If you’ve ever wanted to try a triathlon, Petersburg’s Parks and Recreation Department has a training program for you. It includes spin classes, swim sessions, group runs and bike rides. The two leading the club, Robert Cross and Scott Burt, have competed in the three-sport endurance events. Some of the longest can include a 2.4-mile swim, 112-mile bike ride and 26.2 mile run. But not all triathlons are that long or grueling. Cross and Burt are hoping to hold a shorter competition in Petersburg sometime this summer. KFSK’s Katherine Monahan spoke with them about what it’s like to complete such a race.
Monahan: What does it take mentally to complete a triathlon?
Cross: I think you’re just constantly telling yourself to slow down and run your own race. And you know, that’s my mantra when I’m running and somebody passes me and, sometimes I’ll look at them and say like, man, I feel like I should be faster than them. And I just say like, run your own race, run your own race, run your own race.
It’s very difficult and it’s mentally strenuous, but by the time you run the race, you’ve done hundreds and hundreds of hours of training. So you know exactly how fast you’re supposed to run. You just don’t want to get tricked into trying to chase people down and run faster than you should or swim faster than you should.
Burt: I would echo everything that Rob just said. It’s completely individualized. And I know personally for me on the Ironman distance events, when you start getting into the end of the bike ride, or like right around mile 20 or 21 on the run, you know, and you’ve been out there for hours and hours and hours, and you enter into really dark places.
And nobody makes you do this, right? You’re like, I’m here, I’ve trained. This is what I’m here to do. And, the environment of these triathlons is so energizing and the other athletes will cheer you on, you know, and there are usually spectators and they will pull you into it and help kind of pull you out of the, the funk of, I just wanna stop, you know, and then, you know, that finish line is at the end and you just keep going.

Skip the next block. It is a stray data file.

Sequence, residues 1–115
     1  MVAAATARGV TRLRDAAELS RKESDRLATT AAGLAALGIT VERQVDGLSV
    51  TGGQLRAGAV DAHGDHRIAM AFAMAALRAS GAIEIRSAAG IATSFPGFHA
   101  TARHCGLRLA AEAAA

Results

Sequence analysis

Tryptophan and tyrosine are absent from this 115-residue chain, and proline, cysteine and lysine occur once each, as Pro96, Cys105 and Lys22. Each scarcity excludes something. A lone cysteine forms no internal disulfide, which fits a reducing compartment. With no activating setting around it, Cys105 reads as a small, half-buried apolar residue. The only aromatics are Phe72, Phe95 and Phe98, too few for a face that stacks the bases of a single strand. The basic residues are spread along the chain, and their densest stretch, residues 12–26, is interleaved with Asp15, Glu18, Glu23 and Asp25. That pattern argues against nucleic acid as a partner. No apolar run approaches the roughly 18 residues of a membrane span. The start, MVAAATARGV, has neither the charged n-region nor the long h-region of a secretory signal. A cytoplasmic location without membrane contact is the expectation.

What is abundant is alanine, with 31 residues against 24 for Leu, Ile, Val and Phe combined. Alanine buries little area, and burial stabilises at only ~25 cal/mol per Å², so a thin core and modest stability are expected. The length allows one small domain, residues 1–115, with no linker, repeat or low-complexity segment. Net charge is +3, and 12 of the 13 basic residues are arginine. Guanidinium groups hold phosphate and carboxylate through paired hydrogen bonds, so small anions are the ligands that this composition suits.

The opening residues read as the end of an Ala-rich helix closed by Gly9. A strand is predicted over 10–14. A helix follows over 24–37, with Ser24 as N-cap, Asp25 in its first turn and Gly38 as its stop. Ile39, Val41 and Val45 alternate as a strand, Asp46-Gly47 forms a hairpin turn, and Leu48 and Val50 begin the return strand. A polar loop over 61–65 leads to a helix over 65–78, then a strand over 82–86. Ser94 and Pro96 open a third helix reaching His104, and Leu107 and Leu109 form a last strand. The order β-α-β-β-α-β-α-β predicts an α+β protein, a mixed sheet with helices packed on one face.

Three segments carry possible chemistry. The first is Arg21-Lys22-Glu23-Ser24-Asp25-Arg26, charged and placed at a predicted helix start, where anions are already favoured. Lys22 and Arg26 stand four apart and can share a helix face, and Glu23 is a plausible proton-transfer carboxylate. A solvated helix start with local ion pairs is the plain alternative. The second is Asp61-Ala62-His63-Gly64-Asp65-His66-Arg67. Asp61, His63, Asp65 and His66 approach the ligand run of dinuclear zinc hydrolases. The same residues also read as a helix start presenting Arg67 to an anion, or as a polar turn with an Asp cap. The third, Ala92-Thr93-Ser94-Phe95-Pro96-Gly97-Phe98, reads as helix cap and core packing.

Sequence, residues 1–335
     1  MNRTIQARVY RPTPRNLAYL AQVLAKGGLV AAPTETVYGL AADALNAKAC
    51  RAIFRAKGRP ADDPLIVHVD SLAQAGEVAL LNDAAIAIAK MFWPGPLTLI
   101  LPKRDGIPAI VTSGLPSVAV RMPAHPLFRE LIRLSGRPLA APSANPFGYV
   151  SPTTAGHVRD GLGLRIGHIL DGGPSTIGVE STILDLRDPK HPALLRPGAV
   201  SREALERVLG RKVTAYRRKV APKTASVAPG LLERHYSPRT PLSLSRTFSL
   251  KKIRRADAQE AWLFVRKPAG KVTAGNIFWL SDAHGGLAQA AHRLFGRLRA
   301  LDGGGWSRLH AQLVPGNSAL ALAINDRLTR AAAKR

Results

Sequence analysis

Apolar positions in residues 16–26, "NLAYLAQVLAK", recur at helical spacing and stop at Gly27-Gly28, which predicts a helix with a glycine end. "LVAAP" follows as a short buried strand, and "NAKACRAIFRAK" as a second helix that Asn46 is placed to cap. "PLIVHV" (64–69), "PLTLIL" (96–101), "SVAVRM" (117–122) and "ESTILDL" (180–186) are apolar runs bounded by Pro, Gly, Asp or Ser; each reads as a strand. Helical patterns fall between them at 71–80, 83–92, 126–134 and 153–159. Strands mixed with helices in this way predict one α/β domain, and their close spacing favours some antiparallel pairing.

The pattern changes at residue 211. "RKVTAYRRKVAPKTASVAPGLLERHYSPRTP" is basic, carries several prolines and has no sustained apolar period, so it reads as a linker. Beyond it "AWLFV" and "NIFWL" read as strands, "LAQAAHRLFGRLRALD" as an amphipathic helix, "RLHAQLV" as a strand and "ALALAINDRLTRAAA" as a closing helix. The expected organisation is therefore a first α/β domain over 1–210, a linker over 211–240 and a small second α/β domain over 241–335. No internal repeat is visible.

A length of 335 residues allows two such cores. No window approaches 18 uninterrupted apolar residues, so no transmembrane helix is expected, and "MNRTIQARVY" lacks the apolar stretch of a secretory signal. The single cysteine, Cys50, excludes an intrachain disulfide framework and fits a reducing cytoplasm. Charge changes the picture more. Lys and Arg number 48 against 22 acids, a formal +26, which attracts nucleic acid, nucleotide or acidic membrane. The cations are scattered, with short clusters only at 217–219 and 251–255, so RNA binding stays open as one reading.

Monahan: What do you do when you’re done? Do you just fall down? Do you have a beer? What happens?
Cross: Yeah, I just celebrate and walk around and it’s just such a feeling of euphoria because you did it and you don’t have any more steps to take and you finally finished and yeah, usually they’ll hand you a beer at the end. And you just kind of find your family and celebrate and, and you’re done. You get to take months off from training until you start it all over again. And then you’re like, I’m never gonna race again. And then you sign up for another triathlon the next day. So that’s usually the way it goes.
Monahan: And finally, any advice for somebody looking to get into triathlons?
Burt: You know, it doesn’t matter if you are short or tall, it doesn’t matter if you’re experienced or not. It doesn’t matter if you’re slow or fast. It does not matter. You know, it’s a celebration of a life. It’s a, it’s a lifestyle, right? It has its ups and downs. It can be challenging. It can be very rewarding. And the end, when you go to that end and you have all these people cheering you and you celebrate all of the work that you did to put you in that position, it’s one of the most gratifying and satisfying moments.
I’ll never forget the first Ironman I finished. It was incredible. You know, it’s, it’s a memory that will always be with me. And so that motivation keeps you coming back and I always get people saying, you know, I don’t know how you guys do that. And it’s like, it’s not as daunting and as hard as you may think.
In setting up a triathlon club here, we just want to tell people, if you don’t know how to swim, that’s okay. We’ll teach you how to swim. If you don’t have a good bike, it’s okay. You don’t need a fancy bike to do a triathlon. You just need something with two wheels and brakes, right? You need a helmet. You need a swimsuit with goggles, you need good running shoes and that’s really all you need. You know, you don’t have to go all out. You don’t have to be the fastest on the planet. You can be the last finisher of a triathlon finished. Right. And that is victory. And I always try to encourage all age groups, everybody to try it. And if you like it, which you probably will, you’ll come back for more. And if you don’t, you tried.